Now that we know we are surveilled 24/7 by the National Security Agency, Facebook, Google, hackers, the Russians, the Chinese and companies from which we've ordered swag on the internet, is there still any "right to be forgotten"?
While Vladimir Putin’s behavior has been objectionable, there is something profoundly hypocritical about the American elite pretending the U.S. doesn’t embrace people like the Russian leader all the time.
FBI agent Peter Strzok may be soon “thrown under the bus” in the ongoing investigation into Clinton’s emails and his alleged role in the Russia-gate investigation, comments Ray McGovern.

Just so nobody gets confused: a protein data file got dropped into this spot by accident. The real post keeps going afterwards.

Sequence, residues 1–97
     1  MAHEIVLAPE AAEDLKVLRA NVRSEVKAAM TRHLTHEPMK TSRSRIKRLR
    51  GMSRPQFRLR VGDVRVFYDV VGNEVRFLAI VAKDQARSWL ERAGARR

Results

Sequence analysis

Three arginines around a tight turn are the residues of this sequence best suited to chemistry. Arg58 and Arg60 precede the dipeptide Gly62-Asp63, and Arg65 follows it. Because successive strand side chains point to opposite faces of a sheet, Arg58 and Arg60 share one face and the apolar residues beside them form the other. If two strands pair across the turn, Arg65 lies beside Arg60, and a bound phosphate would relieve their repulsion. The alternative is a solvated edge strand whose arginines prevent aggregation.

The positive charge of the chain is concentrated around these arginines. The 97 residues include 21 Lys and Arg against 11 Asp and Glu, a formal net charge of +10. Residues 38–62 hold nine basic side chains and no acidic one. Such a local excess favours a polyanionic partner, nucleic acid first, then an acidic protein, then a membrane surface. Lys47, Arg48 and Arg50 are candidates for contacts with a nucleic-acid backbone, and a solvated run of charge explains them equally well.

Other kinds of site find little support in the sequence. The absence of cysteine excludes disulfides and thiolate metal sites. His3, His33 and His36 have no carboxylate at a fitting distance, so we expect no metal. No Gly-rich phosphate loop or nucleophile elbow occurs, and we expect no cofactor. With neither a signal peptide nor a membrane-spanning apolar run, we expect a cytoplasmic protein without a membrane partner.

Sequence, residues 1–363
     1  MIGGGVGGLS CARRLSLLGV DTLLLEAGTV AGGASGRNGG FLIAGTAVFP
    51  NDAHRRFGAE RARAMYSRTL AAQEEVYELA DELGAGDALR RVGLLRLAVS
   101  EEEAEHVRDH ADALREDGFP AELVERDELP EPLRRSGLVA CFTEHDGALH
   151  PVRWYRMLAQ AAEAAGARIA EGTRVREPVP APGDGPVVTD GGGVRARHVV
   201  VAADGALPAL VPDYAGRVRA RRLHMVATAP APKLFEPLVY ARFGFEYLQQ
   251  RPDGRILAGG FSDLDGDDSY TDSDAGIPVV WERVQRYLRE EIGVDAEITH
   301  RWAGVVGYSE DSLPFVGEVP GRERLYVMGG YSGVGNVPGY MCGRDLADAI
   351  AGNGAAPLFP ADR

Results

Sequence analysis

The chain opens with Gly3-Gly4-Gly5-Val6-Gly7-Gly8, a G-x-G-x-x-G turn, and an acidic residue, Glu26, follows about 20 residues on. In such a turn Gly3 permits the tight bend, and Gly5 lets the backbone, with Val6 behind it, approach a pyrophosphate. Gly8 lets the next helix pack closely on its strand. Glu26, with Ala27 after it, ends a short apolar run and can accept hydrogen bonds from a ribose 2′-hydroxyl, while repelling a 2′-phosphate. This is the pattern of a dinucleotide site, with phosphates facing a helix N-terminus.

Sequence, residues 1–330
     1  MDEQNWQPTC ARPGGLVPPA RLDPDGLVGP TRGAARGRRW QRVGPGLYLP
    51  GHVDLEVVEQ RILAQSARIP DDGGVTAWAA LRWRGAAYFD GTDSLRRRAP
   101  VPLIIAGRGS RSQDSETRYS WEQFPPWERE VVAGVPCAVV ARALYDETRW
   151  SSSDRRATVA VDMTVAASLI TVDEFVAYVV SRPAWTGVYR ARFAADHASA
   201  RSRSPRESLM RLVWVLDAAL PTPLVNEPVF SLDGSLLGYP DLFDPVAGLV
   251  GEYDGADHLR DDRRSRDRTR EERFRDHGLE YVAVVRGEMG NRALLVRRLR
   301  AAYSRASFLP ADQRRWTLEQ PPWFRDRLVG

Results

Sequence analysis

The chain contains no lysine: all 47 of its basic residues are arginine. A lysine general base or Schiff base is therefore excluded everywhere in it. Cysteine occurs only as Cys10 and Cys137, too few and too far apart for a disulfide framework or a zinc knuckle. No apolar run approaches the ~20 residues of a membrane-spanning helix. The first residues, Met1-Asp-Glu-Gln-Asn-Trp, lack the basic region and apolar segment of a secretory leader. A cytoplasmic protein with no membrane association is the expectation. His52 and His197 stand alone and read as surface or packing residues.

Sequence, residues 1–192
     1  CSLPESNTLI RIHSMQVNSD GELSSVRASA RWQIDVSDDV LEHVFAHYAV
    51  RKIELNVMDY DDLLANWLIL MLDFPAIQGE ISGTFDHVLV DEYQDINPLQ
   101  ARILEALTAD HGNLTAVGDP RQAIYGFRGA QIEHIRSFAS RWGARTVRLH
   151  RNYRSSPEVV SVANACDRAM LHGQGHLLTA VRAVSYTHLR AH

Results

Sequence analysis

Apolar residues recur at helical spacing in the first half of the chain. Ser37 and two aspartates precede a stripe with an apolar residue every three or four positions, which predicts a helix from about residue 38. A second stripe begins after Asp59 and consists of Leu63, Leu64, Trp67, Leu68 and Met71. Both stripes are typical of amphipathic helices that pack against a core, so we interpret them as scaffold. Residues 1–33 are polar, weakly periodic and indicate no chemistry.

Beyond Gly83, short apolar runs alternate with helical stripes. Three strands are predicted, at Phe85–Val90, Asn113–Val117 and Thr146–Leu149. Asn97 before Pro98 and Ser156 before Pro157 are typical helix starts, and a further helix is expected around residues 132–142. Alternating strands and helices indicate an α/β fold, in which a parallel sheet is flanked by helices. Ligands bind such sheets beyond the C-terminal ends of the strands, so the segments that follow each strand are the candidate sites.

The agency says "technical irregularities" were found in customer data collected from telecommunications companies. Data security and privacy rights advocates say the move shows deep flaws in the program.
The Intercept journalist says that while Donald Trump's personality, rhetoric and style are "something unlike what we've seen before in the Oval Office," the president's policies are in line with mainstream American politics.
The special counsel can already get all the answers to his questions from the NSA.
In "A Higher Loyalty," former FBI Director James Comey blasts the president as unethical and calls his leadership of the country "ego driven and about personal loyalty."
The whistleblower says do what Katharine Gun did in 2003. Gun is a former U.K. intelligence analyst who leaked information about the illegality of the Iraq War.
American political forces, not Kremlin masterminds, are responsible for the ongoing damage to our democracy.